While directly trading in equity i.e. bypassing mutual fund, a common strategy is to book a profit when market is up and accumulate when market is down.

Mutual funds buy and sell in bulk. But, does they follow same strategy? Does mutual funds sell (to book profit) when market is up?

I do not think so; my guess just. Because, then there will be an issue what to do with the balance money? Mutual funds just cannot hold the un-invested money. Hybrid funds may do this though.

My question is about both Equity funds and Hybrid (Equity + Debt) funds. I guess answer for these two will be different.

I am not asking about ETF, ELSS, Tax Saving etc.

2 Answers 2


The Turnover Ratio is the percentage of holdings that are replaced in a given year. This varies by the type of mutual fund, its investment objective and the manager's investing style.

A stock index fund will have a low turnover rate since it attempts to duplicate the index's compsoition. A bond fund will have a higher turnover rate because bonds are of limited duration. Aggressive small cap funds tend to have a higher turnover than large cap value funds.

The turnover rate represents the percentage of holdings that have changed in the past year. The typical equity fund has a Turnover Ratio of 100% which means that it holds stocks for an average of one year. A 25% turnover means positions are held an for an average of 4 years.

As a random example, consider the T. Rowe Price Global Technology fund (PRGTX). It has a 3 year return of 23.45% with a Turnover Ratio of 171%. So yes, mutual funds book profits.

Rather than say that they book profits and distribute when the market is up and accumulate when it is down, I would offer that they cash in positions that in their estimation have become fully or over valued and reinvest those profits in under valued opportunities.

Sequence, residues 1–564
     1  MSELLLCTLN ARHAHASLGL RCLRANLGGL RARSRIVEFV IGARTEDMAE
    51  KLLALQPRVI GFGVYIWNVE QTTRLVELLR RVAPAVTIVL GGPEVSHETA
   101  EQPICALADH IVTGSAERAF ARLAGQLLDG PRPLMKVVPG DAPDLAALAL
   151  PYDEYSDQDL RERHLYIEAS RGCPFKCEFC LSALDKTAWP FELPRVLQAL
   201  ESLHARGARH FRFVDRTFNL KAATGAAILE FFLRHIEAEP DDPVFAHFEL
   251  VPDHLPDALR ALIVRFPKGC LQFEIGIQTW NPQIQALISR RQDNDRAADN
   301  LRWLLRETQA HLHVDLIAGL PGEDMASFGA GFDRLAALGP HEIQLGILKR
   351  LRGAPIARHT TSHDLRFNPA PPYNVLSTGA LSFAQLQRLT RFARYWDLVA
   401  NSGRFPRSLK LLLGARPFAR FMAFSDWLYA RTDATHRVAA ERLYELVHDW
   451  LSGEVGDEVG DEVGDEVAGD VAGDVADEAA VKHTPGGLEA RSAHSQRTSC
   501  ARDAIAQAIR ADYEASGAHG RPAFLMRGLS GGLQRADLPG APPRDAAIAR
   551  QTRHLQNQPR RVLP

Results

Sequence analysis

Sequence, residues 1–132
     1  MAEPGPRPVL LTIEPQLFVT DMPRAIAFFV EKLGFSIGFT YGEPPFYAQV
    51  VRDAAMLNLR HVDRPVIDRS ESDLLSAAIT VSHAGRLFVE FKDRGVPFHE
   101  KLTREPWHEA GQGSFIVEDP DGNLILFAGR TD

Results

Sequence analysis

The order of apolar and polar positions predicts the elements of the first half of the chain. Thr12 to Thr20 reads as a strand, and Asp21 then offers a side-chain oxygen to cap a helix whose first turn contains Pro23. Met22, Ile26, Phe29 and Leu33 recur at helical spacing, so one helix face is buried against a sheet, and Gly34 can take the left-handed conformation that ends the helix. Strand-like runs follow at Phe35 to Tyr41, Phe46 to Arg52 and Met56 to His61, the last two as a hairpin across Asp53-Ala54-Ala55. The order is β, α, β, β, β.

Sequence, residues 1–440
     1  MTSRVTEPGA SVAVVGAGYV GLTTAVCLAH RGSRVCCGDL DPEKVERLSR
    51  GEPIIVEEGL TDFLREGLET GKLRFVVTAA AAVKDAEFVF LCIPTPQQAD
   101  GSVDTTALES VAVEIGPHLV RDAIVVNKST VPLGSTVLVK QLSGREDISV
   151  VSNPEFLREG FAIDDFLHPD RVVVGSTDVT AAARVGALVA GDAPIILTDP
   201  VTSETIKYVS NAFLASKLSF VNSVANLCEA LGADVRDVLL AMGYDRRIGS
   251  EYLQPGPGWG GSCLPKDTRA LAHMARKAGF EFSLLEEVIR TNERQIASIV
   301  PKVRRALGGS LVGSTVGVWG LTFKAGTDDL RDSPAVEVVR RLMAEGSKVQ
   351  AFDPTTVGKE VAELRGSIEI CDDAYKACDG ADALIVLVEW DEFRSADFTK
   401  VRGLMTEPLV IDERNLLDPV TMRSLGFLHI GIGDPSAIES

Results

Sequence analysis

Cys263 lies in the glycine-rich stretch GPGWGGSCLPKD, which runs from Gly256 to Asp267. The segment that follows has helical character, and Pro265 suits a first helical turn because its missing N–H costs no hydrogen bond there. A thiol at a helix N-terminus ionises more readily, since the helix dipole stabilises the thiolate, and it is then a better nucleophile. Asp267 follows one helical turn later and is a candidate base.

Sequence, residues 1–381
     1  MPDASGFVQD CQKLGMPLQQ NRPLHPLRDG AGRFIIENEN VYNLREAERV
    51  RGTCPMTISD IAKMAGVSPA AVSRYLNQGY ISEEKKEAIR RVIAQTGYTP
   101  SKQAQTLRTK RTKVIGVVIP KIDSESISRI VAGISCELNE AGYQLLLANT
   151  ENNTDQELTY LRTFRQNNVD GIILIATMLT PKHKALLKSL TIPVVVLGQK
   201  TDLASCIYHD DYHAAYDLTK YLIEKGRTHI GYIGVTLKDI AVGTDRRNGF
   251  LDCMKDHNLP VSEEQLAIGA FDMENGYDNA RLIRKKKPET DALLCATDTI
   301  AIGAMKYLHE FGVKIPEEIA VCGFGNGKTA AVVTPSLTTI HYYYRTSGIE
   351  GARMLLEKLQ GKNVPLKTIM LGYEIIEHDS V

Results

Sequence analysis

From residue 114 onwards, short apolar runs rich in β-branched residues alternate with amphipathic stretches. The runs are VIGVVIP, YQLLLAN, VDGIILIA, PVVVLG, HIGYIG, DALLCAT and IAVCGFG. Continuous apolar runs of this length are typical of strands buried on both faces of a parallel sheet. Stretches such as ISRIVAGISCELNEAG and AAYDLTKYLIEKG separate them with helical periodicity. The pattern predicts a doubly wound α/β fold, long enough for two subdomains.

• On the other hand, a mutual fund could have zero turnover and a three-year return of 23.45% without "booking" any profits because it has not sold any securities: the share prices of its holdings just increased (a rising tide lifts all boats). In the US, mutual fund profits from the sale of securities are returned to the investors as capital gains on which the investor must pay (capital gains) tax, even if the investor chooses to reinvest the money into more shares of the mutual fund. This might be different in other countries (e.g.the land of the believers which Aastik might be asking about). Commented Aug 15, 2018 at 18:56
  • Re my random example, I think that it's logical to conclude that if a fund has a high turnover ratio and they also are performing well then they are booking gains - which is part of what the OP asked. Commented Aug 15, 2018 at 19:13

Yes, regardless of what assets they trade in, whether debt or equity, they definitely book profits, or at least try to. If they didn't, nobody would invest in them. I suppose they could employ a buy and hold indefinitely strategy, but that would be unusual for a mutual fund.

As for capping their cash holdings: if they sell a position (increasing their cash holdings), they can use the funds to buy a different position (decreasing their cash holdings).

Usually, equity funds hold cash between 1% and 5% of a fund’s corpus, though some funds can hold as high as 7-10% of their corpuses in cash. Some funds prefer to hold larger portions of their portfolios in cash because their mandate allows them to hold high cash levels if—as per their analysis—good stocks are not available at desirable valuations. Few others like dynamic equity funds also hold higher cash if they feel equity markets are overheated. - Cash holding in mutual funds explained

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